Indonesia’s most violent volcano on course for large event as timeline dwindles

Indonesia: Mount Merapi spews smoke into sky as it erupts

Mount Merapi has erupted at regular intervals since 1854, but this hasn’t stopped thousands of people from settling on its slopes.

The nearby city of Yogyakarta has a population of 2.4million yet sits a mere 17 miles north of its dome.

Smoke can often be seen rising from its lid, and many eruptions have caused countless deaths.

Merapi spewed out yet more smoke earlier this year, enveloping several nearby villages in ash and forcing authorities to stop tourists from going close to the crater as well as halting mining activities in the vicinity, with deadly rock, lava, and gas travelling 4.3 miles down its slopes.

While the volcano hasn’t had a majorly disruptive eruption in years, researchers warn that this recent activity could signal that a more dangerous one could be just around the corner.

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In 2006, a large volcanic event designated Merapi one of the Decade Volcanoes, a group of 16 domes whose study is considered significant given their violent histories.

Last year, the educational film channel Underworld published a short documentary in which it explored another potential large vent at Merapi in the near future, the narrator noting that Merapi is “especially perilous because of just how many people live nearby.”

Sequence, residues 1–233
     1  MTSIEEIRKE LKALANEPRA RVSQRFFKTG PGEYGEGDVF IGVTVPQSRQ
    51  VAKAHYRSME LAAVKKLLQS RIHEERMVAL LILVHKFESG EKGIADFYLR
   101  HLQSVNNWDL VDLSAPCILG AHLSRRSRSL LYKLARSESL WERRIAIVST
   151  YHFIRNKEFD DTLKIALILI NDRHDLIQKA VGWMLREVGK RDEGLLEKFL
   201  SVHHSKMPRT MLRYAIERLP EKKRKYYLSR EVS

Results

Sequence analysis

The video cited the January 2021 eruption as a serious warning of an imminent disaster, an eruption that saw parts of Yogyakarta evacuate.

Just months later Merapi saw pyroclastic flows speed down its sides, and then in August, yet more lava flows spurted from its dome and shot a miles-high ash cloud into the sky.

In November 2021, geological authorities invoked the second-highest alert level that November after sensors picked up an increase in activity that warned them the situation could become even more unstable than usual.

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Merapi’s volcanic eruptions are more dangerous than others because the magma in stratovolcanoes is charged with gas.

When the magma finds a channel that leads to the volcano’s surface, it builds up a sticky, hot, gas-rich plug known as a volcanic dome which can violently explode.

The disruption is caused by the Indo-Australian plate being subducted beneath the Eurasian Plate and is located on a destructive plate margin, at a subduction zone, part of the Pacific Ring of Fire.

None of the recent eruptions, including that in March, have come anywhere near as bad as that seen in 2010.

Back then, Merapi erupted on its southern and southeastern slopes, killing 353 people and forcing 350,000 to flee their homes.

Much of the damage was done by pyroclastic flows, while heavy rainfall after the eruption caused fast mudflows to drive down the mountainside.

The blast was so powerful that Merapi’s shape was changed, with its height lowered by 38 metres to 2,930 metres.

Two phreatic eruptions — a steam-driven explosion — occurred in 2013 and 2018, the first and larger event saw smoke blast as far as 2,000 metres high.

Small eruptions tend to occur every two to three years at Merapi, with larger events every ten to 15 years — meaning the mountain is in theory due to a large eruption between now and 2030.

Notable eruptions that have caused multiple deaths occurred in 1006, 1786, 1822, 1872, and 1930 when 1,400 people were killed by pyroclastic flows.

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